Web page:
Your STEM Major: Is It Worth It?


Already a pressure cooker for underclassmen, Brooklyn Tech adds even more heat with its major process. At the end of sophomore year, students apply for a major to study during their junior and senior years. While majors such as Law and Society and Social Science Research are options for students, Tech is primarily a Science, Technology, Engineering, and Math (STEM) school, and the majority of the majors fall under that category. The Survey recently investigated the level of satisfaction STEM students have with their majors, and if the major system is setting students up for successful STEM careers.


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Picking a major can be a difficult decision, and while students claim major choices should solely be based on their interests and hopes for the future, other factors can get in the way. Ruby Frank (‘24), a Finance major, explained, “Everyone let what the seniors and juniors were saying about the major influence their choice and I feel like it should be about your own personal interests not the difficulties of the classes.” Dylan Marks (‘24), also a Finance major, agreed. He said, “I feel like a lot of people are going to their major just because other people are going to that same major and that’s kind of foolish.”

However, these same students expressed satisfaction with their choices in the end. Frank stressed the flexibility the Finance major provides. “The skills we learn in the Finance major are applicable to any career, any life experience.” The Finance major has few requirements compared to other majors, making it a good choice in terms of balancing classes. Frank elaborated, “I think it is reasonable. We only have two periods and I know other majors have four.”

Similarly, Ari McMinn (‘23) expressed great satisfaction with the Chemistry major, and has no regrets with his choice. McMinn may not continue studying chemistry, but he feels the major has set him on the right path. He explained, “Chemistry [has provided] a great foundation for me in the future. It’s a great foundation for biological sciences which is what I’m really interested in.”

Zoe Reid (‘24), a Biological Science major, chose her major for very different reasons. Reid was intrigued by the unique classes the major offered. She said, “I was stuck between [Biological Science] and LIU Health, but in senior year, Biological Science has Anatomy and Genetics and those seemed really interesting. Since I would automatically get into those classes, I chose [Biological Science].” The rigorous courses offered in both junior and senior year by the Biological Science major dive into the depths of humans and the environment, similar to courses that colleges would offer. Reid found the opportunity to take those classes hard to pass up, and prioritized the engaging subjects over worrying about a potential career path.

Some students, like Ela Ekincioglu (‘23), a Math major, have experienced pros and cons with her major choice. She explained, “I knew I wanted to go into a STEM field in college but I didn’t know what yet, and the math classes are really unique. You take Graph Theory and Linear Algebra. I know I’m going into engineering so it’s relatively helpful.” The Math major is on the smaller side but offers intriguing classes that give students a taste of advanced math courses. However, Ekincioglu has experienced scheduling issues as a result of her major choice. “The rough thing this year is that there was no science on your schedule and as a STEM major I would like a science. You have to go through the process of getting an elective that’s a science. It is hard to rearrange stuff with your schedule since you have so many of these Math major classes.”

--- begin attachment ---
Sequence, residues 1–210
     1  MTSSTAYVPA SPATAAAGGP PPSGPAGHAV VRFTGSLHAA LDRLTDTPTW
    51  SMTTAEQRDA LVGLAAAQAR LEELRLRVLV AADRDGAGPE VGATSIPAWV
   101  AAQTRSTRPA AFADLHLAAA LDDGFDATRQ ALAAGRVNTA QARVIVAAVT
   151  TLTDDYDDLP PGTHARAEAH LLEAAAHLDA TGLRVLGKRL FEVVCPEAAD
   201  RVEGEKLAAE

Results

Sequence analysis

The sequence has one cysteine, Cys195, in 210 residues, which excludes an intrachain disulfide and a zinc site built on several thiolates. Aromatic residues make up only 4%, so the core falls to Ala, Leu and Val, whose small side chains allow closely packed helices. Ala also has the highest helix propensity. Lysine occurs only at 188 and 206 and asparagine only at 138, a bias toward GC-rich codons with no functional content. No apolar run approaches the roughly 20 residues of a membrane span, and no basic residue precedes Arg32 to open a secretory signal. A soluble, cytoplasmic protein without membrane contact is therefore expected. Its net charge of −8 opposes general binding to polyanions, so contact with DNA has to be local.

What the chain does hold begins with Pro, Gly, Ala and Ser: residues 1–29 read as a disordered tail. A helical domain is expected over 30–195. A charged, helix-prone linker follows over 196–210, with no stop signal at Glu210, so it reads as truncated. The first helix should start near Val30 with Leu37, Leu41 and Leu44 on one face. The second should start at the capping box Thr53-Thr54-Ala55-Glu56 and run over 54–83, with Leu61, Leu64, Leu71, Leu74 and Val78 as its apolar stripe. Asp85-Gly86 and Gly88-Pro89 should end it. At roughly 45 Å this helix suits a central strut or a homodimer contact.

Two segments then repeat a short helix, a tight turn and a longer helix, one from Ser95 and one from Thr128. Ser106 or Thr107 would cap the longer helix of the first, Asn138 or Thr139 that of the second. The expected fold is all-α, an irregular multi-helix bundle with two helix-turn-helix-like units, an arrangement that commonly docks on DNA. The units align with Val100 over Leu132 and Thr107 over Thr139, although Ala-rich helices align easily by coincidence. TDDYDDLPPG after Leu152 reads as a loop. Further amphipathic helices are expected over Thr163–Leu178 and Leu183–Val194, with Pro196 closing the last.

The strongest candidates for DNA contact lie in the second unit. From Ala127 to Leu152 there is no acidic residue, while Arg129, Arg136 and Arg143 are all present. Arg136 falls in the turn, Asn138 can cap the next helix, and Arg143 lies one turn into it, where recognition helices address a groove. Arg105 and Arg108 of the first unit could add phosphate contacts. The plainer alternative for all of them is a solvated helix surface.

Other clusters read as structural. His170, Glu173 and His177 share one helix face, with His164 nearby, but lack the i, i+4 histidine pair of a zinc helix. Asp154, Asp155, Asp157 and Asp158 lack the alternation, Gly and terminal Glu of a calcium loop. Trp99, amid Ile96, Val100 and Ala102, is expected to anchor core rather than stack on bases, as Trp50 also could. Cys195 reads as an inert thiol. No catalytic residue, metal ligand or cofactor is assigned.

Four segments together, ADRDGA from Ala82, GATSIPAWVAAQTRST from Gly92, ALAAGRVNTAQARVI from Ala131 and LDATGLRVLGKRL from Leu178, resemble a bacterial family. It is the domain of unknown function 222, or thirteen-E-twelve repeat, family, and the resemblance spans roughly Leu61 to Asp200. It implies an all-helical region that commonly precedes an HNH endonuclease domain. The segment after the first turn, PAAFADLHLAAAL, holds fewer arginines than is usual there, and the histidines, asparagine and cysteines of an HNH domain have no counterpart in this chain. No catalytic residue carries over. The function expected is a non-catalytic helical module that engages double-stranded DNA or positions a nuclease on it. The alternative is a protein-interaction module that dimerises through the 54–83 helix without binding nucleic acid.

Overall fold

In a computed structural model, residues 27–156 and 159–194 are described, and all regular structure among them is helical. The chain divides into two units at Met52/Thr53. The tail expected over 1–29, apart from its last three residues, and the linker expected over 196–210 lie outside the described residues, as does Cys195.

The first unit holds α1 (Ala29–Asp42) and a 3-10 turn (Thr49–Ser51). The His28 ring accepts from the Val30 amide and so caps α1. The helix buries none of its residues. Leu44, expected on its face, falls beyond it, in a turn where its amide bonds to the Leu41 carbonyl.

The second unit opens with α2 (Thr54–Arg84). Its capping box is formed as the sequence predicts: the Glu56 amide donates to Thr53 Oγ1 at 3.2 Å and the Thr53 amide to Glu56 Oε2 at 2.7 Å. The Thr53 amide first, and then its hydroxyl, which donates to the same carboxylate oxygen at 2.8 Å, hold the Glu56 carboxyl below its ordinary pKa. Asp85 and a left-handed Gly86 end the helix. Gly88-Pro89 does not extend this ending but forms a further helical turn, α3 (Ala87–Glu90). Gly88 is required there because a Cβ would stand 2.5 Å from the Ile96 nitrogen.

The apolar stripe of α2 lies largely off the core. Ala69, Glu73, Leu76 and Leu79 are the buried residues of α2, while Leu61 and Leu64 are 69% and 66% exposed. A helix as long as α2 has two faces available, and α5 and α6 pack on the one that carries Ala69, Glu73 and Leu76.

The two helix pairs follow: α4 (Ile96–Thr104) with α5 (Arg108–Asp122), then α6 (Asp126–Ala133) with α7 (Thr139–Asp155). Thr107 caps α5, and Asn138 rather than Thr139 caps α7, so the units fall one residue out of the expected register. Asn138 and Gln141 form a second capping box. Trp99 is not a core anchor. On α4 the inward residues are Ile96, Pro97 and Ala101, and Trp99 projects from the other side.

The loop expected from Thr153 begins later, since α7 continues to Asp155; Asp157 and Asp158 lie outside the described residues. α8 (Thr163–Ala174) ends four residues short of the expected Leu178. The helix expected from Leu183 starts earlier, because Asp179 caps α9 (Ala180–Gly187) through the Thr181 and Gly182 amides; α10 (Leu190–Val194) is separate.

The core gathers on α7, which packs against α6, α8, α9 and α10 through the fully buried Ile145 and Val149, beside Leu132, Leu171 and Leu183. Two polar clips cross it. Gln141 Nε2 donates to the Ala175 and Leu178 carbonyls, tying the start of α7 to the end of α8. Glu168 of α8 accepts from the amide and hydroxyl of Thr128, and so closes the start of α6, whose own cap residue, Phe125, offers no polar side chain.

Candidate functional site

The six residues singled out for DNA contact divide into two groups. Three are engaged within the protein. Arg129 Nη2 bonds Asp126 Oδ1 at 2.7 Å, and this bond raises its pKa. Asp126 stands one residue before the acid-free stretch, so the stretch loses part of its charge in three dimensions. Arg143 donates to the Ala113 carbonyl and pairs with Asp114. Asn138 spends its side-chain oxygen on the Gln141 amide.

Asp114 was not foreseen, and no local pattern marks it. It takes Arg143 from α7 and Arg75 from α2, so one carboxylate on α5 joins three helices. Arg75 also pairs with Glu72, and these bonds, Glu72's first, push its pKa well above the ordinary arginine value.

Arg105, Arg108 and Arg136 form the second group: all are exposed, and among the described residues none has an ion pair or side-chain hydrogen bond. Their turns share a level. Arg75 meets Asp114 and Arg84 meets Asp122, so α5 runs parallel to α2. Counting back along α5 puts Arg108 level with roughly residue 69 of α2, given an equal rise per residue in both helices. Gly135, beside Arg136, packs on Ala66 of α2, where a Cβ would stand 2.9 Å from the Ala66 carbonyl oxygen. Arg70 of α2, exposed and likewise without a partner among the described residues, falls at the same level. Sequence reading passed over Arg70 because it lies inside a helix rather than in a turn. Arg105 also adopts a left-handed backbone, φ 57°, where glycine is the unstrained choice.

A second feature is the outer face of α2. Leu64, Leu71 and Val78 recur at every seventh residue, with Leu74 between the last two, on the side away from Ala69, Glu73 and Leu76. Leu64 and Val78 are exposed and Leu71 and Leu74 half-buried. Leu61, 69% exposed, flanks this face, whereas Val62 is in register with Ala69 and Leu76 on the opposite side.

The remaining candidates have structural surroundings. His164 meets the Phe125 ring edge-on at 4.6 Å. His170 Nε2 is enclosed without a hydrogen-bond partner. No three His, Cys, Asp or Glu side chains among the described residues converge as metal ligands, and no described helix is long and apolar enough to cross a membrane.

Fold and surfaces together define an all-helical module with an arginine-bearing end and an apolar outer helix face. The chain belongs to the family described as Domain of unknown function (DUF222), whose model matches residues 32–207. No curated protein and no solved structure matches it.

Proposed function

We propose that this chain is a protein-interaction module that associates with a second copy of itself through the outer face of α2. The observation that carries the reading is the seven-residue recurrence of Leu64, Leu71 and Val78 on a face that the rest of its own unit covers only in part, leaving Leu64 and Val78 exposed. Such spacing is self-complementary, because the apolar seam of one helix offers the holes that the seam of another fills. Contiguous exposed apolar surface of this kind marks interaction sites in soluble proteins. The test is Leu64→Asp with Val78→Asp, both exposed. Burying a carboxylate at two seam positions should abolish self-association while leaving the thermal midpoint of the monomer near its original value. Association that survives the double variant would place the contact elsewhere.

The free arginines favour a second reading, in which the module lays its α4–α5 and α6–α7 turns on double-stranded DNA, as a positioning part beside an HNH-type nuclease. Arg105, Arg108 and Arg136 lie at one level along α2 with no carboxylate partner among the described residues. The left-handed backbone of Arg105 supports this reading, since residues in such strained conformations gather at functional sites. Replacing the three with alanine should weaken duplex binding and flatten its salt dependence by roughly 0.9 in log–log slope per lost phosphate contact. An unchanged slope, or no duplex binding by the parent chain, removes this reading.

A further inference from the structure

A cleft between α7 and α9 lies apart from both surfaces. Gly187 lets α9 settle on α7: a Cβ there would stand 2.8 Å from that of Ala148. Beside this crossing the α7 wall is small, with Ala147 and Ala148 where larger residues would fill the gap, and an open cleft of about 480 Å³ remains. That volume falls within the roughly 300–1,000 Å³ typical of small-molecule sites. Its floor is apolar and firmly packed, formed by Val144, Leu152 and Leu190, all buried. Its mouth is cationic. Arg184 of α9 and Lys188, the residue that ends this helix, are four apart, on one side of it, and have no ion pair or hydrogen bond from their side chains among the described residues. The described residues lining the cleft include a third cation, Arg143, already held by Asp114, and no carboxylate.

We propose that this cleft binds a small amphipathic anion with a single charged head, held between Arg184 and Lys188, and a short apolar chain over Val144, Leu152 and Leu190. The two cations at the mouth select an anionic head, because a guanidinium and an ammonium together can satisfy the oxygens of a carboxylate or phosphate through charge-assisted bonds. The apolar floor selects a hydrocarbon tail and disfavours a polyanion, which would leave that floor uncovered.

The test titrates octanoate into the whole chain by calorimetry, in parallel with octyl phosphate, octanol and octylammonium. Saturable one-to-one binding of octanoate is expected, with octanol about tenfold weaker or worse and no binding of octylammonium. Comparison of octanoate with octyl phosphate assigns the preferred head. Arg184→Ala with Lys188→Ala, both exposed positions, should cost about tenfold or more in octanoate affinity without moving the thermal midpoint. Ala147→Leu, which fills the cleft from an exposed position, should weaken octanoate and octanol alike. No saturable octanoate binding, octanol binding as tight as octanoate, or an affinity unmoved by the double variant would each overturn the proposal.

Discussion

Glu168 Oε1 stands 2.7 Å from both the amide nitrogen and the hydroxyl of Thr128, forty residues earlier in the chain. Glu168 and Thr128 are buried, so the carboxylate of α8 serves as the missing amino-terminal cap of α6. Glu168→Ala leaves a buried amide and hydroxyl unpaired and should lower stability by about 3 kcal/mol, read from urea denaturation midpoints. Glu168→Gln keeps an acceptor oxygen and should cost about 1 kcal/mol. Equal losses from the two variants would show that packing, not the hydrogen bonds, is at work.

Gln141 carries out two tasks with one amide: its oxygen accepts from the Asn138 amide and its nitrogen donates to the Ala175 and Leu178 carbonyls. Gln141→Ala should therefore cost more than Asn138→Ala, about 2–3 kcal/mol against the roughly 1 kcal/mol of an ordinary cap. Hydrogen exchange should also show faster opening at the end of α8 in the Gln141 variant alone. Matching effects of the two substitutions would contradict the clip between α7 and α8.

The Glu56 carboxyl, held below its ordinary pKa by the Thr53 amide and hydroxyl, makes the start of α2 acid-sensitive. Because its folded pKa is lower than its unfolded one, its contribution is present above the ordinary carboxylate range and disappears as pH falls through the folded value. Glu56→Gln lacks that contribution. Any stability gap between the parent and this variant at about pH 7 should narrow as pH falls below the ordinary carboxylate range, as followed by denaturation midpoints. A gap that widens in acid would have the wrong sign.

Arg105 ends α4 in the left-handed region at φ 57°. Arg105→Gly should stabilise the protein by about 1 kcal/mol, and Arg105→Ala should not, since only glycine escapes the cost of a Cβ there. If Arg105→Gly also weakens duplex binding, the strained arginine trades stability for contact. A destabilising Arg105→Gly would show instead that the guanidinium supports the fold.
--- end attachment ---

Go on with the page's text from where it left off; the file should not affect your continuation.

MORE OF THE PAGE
Some who have chosen STEM majors have found that their choice was entirely not the right fit for them. Robert Uuganbayar (‘24), an Aerospace major, spoke about his mistake in his choice of major. “I have severe regrets. I really hate the major and all the kids in it don’t seem like people I’d really talk to.” He further elaborated, “I was considering a career as a pilot. Honestly, the high school major classes don’t really matter for your future career. I’d rather just have an easy time. I’m still going to be a pilot.” Uuganbayar’s experience reflects that a major choice does not necessarily need to reflect your future career path, and for some students it might be best to choose the major with classes that seem the most interesting to them, as Reid chose to.

Teachers also see benefits in the flexibility the major system provides. Ms. Doire, an AP Biology teacher, claimed majors “makes programming doable,” as students can balance their mandatory classes with electives that are of interest to them. She also believes the system makes students more engaged in their classes, explaining, “…I kind of assume that my students are interested in biology because they chose the major and that’s a benefit for me as a teacher.”

Doire also described the social importance of majors at Tech. She explained, “I think that it can have a positive effect if it makes our huge school into smaller communities so kids within a major might get to know kids in their major. That would make a small community in this very huge school, which seems like a good thing.”

Whether or not students were happy with their majors, there was a general consensus that it is important to have majors at Tech. Even if students do not pursue their Tech major in college, they can still benefit. William Chan (‘24) explained, “I think majors are really good because it lets you decide what you want to do in the future. If you take a major in high school and you don’t like it, you know not to take that major in college.” In the end, most STEM majors appreciate that the major system has allowed them to narrow down their interests and find a community in a school of over 6,000 students.